Idaho Lab Director Testament in Support of NELA
At a hearing on the legislation held this past April , Idaho National Laboratory Director Mark Peters talked about to the significance of the targets NELA would set for completing demonstration jobs. (Full Text)
“We praise those objectives, acknowledging they are aggressive since they will drive the essential prioritization and strong sense of urgency that we need to have.”
Peters added that more than 50 advanced nuclear companies across North America are taking a look at a number of innovative reactor concepts, typically in collaboration with INL and other DOE national laboratories. Among the things they are looking at:
- How to make reactors smaller sized and modular – little sufficient even to be mass-produced in factories.
- How to use coolants other than light water.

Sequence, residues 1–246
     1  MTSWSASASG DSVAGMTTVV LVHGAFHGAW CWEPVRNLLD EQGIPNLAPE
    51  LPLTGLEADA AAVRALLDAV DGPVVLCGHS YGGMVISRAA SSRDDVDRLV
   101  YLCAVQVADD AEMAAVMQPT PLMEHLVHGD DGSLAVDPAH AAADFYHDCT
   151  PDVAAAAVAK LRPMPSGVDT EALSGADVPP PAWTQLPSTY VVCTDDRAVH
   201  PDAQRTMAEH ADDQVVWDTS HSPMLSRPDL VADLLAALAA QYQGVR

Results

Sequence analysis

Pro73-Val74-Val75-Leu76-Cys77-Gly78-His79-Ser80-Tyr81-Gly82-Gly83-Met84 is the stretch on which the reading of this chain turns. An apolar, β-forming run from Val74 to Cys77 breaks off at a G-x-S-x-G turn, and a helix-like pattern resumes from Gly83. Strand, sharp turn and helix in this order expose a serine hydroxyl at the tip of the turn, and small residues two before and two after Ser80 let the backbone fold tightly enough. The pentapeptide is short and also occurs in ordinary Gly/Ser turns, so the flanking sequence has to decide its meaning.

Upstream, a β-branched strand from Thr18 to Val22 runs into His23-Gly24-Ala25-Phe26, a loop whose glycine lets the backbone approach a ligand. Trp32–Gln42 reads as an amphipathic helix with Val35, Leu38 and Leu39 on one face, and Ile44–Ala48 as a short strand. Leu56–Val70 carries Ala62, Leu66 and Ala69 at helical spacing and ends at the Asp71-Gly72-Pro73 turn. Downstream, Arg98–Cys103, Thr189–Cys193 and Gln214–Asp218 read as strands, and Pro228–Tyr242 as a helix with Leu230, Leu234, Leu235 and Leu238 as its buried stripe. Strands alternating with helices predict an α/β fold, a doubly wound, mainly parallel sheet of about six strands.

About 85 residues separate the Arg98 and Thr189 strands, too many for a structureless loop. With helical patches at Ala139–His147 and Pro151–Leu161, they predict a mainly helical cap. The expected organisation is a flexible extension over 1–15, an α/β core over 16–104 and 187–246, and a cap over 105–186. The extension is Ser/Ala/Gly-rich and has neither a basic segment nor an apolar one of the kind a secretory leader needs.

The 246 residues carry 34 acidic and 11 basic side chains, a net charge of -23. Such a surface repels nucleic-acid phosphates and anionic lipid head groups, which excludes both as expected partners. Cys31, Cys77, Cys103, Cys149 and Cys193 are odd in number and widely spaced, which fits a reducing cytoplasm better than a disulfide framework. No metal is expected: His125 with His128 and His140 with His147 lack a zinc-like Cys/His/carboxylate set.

- How to operate at normal climatic pressure.
- How to use physics in addition to engineering to keep reactors safe.
- Some styles can even use recycled nuclear waste as fuel.
Peters said some energies, and the U.S. Department of Defense, are believing smaller sized. Westinghouse, NuScale, General Atomics, Oklo, X-energy, and others are working on micro reactor styles.
He stated these 2- to-20-MW reactors could provide electrical power for military bases and remote communities that currently run their electrical grids on expensive and highly polluting imported diesel fuel. He included that micro reactors also are a good alternative for off-grid commercial and mining operations, and large energy consumers in developing nations. See prior protection on this blog – DOD looks for SMRs for tactical readiness at military bases
Prior Legislation to Assistance Advanced Nuclear Energy Efforts
Last December Congress passed an ambitious strategy for nuclear energy R&D.
The new law establishes a broad and sweeping required for civilian nuclear energy R&D and innovation advancement towards industrial implementation. Its arrangements consist of;